Oaks of the World

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 Quercus coccinea
AuthorMuenchh. 1770
Synonymscoccinea var. tuberculata Sargent 1922
coccinea var. rugelii A.DC 1864
repanda hort.
Local namesscarlet oak
RangeEastern USA; to 1500 m; introduced in Europe in 1691;
Growth habitreaches 25 m tall; lower part of the trunk without dead wood;
Leaves 7-20 x 5-13 cm; base truncate or rarely cuneate; 3-5 lobes each side of the midrib; lobes paired often unequally; veins not opposite, ending into bristle-tips; rather deep sinuses, widely rounded; lustrous dark green above, paler beneath with prominent whitish veins; glabrous except sometimes axillary tufts; purplish at fall; petiole slender, hairless, yellow, 2.5-6 cm long;
Flowersin spring; male catkins 6-8 cm;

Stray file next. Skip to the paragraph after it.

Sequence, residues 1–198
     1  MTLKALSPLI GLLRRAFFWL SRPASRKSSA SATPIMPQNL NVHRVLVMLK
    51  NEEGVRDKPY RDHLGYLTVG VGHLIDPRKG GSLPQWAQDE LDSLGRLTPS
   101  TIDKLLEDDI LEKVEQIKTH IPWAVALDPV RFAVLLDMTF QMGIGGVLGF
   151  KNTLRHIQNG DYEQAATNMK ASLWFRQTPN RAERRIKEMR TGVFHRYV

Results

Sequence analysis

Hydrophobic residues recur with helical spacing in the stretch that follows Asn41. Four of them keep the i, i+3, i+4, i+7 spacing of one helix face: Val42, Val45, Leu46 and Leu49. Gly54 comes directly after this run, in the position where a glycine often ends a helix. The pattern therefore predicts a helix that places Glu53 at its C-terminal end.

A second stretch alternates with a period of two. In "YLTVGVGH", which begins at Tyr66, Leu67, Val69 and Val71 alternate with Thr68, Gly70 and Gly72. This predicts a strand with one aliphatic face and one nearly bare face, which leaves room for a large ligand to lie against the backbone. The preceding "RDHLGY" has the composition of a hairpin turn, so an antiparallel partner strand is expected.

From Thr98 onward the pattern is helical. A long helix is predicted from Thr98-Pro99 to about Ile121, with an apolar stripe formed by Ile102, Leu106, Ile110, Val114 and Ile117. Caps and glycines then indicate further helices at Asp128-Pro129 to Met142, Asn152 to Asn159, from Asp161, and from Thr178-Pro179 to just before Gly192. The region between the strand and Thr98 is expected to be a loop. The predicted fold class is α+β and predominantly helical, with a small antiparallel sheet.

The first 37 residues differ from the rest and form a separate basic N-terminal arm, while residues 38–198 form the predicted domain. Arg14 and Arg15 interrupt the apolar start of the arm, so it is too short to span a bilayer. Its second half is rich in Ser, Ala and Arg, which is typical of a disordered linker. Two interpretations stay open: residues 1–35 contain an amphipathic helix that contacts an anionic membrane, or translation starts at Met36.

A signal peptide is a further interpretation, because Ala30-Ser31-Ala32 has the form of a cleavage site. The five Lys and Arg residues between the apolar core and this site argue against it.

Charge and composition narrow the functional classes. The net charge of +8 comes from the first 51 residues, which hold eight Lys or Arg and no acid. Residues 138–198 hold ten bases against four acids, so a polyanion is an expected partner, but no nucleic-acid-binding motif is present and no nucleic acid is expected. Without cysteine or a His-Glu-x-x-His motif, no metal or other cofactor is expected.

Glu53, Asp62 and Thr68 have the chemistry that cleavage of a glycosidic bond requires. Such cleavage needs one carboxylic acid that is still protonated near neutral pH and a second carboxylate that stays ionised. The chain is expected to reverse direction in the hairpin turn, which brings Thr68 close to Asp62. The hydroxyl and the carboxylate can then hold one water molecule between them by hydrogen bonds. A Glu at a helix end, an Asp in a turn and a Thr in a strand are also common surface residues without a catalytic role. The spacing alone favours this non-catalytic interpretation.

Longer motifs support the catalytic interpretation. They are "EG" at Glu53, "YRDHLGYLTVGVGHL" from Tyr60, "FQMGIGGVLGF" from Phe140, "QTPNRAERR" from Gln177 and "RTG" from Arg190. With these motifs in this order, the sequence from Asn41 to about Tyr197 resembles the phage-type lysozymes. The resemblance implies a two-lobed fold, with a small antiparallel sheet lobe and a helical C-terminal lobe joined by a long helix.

Fruitsacorn oval, 1.2-2.5 cm, red brown, rarely striate; sessile or short-stalked; enclosed 1/2 or 1/3 by cup; cup half-round, deep, shiny, often with warted scales; maturing in 2 years;

Bark, twigs and

bark grey, warty, finely fissured into reddish inside scales; twigs red brown above, olive beneath, glabrous, angled, with lenticels; bud ovoid, pointed, hairy, with apically light red brown edged scales, 4-7 mm long;
Hardiness zone, habitathardy; prefers acidic soils; fast growing;
Miscellaneous-- Sub-genus Quercus, section Lobatae;
-- different from other red oaks in the rounded sinuses and the large central lobe;
-- hybridizes with Q.ilicifolia (= x
robbinsii), Q.velutina (= x fontana), Q.palustris ;
Subspecies and
-- cultivar 'Splendens' shows conspicuous autumn colors ; cultivated since 1893;
-- var. tuberculata has a very warty acorn cup;